Discoveries were made about Vermeer’s brushwork, the use of pigments, and how he 'built up' his painting in different layers back in 1665. The research – which involved non-invasive imaging and scanning techniques, digital microscopy and paint sample analyses – was carried out in 2018 under the name The Girl in the Spotlight.
Today the Mauritshuis unveiled a web page to announce new insights and following an introduction by museum director Martine Gosselink while the three researchers involved in the project presented their findings online... see www.mauritshuis.nl/en/girlinthespotlight
The major discoveries were:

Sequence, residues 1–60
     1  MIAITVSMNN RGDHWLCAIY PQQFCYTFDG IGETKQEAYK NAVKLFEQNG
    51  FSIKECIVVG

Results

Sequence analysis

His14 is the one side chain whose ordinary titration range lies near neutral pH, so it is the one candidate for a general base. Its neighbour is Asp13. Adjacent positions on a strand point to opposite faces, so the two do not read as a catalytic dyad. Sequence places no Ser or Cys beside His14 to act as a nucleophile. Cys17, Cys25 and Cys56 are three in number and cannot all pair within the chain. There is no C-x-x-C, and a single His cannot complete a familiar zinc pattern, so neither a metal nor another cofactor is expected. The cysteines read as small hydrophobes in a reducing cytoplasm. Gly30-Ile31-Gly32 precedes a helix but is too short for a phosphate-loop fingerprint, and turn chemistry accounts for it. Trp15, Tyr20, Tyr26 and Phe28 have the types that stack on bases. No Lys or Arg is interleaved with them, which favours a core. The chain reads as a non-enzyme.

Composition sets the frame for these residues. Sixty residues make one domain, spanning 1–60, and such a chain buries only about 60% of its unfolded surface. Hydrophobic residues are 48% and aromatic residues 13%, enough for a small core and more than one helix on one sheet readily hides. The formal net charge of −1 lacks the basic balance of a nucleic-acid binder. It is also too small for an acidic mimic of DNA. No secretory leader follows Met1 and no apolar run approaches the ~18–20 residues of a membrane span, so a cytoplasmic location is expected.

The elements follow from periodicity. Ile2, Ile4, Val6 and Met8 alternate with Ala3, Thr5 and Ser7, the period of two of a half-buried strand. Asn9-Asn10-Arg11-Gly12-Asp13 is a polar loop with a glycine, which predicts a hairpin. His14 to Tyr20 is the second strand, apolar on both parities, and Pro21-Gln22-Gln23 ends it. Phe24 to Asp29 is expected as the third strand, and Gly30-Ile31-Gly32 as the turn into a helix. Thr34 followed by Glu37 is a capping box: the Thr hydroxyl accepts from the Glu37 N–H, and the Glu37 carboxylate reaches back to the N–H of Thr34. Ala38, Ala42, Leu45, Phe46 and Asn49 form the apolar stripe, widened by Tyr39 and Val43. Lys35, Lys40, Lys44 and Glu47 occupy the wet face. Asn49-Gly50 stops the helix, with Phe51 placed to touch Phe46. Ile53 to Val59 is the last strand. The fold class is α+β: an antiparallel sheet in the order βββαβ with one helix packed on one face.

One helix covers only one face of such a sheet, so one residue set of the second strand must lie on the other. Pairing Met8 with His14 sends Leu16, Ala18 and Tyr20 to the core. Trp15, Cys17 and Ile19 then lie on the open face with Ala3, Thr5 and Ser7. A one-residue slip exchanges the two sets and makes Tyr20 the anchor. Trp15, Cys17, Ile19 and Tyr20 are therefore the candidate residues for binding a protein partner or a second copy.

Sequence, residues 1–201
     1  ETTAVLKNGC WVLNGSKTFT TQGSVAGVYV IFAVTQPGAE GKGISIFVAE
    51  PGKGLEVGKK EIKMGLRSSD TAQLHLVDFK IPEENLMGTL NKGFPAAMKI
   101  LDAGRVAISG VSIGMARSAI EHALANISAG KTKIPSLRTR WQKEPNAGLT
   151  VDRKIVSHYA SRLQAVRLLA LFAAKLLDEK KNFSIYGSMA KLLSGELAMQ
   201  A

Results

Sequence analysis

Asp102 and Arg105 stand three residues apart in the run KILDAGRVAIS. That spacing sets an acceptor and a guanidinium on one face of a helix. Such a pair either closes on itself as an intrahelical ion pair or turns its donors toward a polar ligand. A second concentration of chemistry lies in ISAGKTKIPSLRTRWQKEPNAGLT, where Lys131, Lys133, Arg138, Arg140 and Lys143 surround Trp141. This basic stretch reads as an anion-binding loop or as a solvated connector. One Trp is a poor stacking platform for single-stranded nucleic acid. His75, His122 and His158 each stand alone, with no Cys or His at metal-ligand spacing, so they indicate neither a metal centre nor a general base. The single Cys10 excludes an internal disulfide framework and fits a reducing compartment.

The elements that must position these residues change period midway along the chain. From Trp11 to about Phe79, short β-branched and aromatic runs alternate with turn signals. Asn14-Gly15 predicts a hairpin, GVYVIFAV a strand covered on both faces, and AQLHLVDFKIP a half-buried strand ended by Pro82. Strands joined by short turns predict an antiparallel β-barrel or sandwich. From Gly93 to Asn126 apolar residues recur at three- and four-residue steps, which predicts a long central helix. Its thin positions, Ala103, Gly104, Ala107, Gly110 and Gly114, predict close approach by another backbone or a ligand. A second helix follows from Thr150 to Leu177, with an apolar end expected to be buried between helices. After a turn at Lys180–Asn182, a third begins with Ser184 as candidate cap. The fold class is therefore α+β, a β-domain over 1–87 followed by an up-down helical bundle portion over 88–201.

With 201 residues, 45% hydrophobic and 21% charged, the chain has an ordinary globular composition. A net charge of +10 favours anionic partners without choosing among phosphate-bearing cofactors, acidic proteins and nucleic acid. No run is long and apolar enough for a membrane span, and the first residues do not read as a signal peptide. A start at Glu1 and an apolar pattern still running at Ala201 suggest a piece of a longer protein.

1 The girl was originally painted before a green curtain in the righthand side of the painting, which dramatically changes the black void she appears in now.
2 Vermeer’s signature can be discerned in the top left hand corner of the painting.
3 The girl has eyelashes, which makes her more personal.
4 The earring has no discernible hook and the lead white pigment used to create the world-famous earring was mined from the UK’s Peak District. Lead white was also used in other significant areas of the painting including her face and collar.
5 Fine hairs from Vermeer’s brushes have been discovered embedded in the painting on the Girl’s face.